Defendant also contends there is insufficient evidence to support his conviction because the knife in the present case is not a dirk or dagger as a matter of law. The knife has a rigid, sharp-pointed blade, which is approximately three and one-half inches long and sharpened on both sides. The blade is attached to a handle that does not have a handguard to prevent the hand of the user from slipping onto the blade if the weapon is used for stabbing. Relying primarily on In re Conrad V. (1986) 176 Cal.App.3d 775, 222 Cal.Rptr. 552, defendant contends the absence of a handguard precludes a finding that the knife is a dirk or dagger.

In In re Conrad V., supra, the court found that a weapon that was similar to a push dagger (see Peterson, American Knives: The First History and Collectors' Guide (1958) p. 64) was not a dirk or dagger as a matter of law because it did not have a handguard and because its blade was only one and one-half inches long and sharpened on one side. (176 Cal.App.3d at p. 778, 222 Cal.Rptr. 552; but see People v. Pettway (1991) 233 Cal.App.3d 1067, 285 Cal.Rptr. 147.) In support of its holding that dirks or daggers must have handguards, the court in In re Conrad V. relied on two Supreme Court opinions, People v. Bain (1971) 5 Cal.3d 839, 97 Cal.Rptr. 684, 489 P.2d 564 and People v. Forrest (1967) 67 Cal.2d 478, 62 Cal.Rptr. 766, 432 P.2d 374. In those cases, however, the Supreme Court was concerned with whether a folding knife could be a dagger and did not address directly whether dirks and daggers must have handguards.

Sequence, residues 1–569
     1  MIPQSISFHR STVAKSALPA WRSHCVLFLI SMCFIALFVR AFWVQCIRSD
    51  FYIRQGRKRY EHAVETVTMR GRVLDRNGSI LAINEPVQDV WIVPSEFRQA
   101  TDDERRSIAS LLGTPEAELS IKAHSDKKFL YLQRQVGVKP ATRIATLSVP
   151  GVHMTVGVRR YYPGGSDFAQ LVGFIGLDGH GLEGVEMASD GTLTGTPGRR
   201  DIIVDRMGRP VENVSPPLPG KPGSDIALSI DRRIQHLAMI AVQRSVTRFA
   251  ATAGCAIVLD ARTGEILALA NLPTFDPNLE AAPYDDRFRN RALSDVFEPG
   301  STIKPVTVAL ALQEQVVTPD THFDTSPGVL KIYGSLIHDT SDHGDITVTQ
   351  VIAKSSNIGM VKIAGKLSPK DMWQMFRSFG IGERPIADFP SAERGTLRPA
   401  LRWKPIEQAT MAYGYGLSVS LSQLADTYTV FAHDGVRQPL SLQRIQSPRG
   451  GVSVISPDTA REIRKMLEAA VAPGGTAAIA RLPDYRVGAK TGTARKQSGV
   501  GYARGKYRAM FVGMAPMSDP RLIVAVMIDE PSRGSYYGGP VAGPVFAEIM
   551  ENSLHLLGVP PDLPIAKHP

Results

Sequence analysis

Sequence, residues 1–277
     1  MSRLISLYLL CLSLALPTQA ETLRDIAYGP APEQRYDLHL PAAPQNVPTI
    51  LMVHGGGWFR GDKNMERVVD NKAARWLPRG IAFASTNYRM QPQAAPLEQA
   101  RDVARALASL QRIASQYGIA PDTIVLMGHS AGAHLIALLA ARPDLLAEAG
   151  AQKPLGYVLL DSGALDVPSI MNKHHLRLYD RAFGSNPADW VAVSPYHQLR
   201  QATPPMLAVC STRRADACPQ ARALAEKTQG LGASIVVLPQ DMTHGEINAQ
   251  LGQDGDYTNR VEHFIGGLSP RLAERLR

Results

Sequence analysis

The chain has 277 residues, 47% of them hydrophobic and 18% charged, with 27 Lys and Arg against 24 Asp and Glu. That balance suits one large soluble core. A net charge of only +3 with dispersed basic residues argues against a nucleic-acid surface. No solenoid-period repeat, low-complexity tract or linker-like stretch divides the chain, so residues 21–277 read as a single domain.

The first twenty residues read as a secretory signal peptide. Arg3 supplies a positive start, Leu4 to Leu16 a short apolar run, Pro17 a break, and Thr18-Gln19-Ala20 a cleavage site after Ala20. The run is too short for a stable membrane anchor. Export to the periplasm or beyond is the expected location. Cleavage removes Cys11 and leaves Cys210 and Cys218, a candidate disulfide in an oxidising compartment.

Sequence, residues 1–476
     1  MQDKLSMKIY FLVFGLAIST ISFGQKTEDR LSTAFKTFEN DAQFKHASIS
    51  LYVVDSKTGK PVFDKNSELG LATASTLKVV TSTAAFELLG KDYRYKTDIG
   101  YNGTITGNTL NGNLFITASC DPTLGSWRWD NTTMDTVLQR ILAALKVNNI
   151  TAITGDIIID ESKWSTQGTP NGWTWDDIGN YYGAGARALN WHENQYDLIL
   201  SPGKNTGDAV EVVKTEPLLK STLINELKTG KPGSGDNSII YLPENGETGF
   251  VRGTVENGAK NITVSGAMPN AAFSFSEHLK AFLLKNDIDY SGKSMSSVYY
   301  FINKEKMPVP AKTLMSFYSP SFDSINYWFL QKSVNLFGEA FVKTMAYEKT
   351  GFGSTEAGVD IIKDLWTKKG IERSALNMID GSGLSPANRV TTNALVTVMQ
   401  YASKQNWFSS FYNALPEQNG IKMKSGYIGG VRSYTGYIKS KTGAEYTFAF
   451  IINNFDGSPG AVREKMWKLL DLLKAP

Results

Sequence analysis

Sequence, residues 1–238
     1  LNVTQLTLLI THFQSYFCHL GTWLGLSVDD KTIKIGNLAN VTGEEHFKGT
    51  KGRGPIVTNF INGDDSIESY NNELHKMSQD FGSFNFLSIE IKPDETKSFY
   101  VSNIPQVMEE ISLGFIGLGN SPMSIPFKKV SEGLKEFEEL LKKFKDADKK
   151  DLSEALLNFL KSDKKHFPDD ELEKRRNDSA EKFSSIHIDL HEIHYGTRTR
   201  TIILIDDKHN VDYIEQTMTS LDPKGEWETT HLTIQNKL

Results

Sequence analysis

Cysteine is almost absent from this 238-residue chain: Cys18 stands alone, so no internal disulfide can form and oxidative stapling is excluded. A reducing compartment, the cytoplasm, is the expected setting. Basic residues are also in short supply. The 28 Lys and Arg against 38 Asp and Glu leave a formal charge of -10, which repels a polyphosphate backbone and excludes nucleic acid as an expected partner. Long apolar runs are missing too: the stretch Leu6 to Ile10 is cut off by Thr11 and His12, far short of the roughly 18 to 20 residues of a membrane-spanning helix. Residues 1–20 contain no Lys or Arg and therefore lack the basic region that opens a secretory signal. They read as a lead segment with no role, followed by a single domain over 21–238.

In People v. Forrest, supra, 67 Cal.2d 478, 62 Cal.Rptr. 766, 432 P.2d 374, the court found that the folding knife in question was not a dirk or dagger as a matter of law. (Id. at p. 481, 62 Cal.Rptr. 766, 432 P.2d 374.) The court noted the fact that the knife was large with a beveled blade and its handle contained handguards was not determinative where the absence of a lock on the blade so greatly limited its effectiveness as a stabbing instrument. (Ibid.) The absence of a lock presented a grave danger that the blade would close In People v. Bain, supra, 5 Cal.3d 839, 97 Cal.Rptr. 684, 489 P.2d 564, the Supreme Court concluded that it was a question of fact for the jury to determine whether a folding knife with a blade that locks in place and a handle with a handguard was a dirk or dagger. (Id. at pp. 851-852, 97 Cal.Rptr. 684, 489 P.2d 564.) Although both Forrest and Bain mention that the knives in question had handguards, neither case held that the presence of handguards was a prerequisite to finding that a knife is a dirk or dagger, but rather that the existence of a handguard is evidence that the knife was designed for stabbing.

upon the hand of the wielder. (Ibid.) The court stated that "when a knife which ... has many possible uses, some of which are clearly innocent and utilitarian, also has a characteristic which in many situations will substantially limit the effectiveness of its use as a stabbing instrument, it cannot be held to be a weapon primarily designed for stabbing, and thus is not a dagger or dirk." (Ibid.)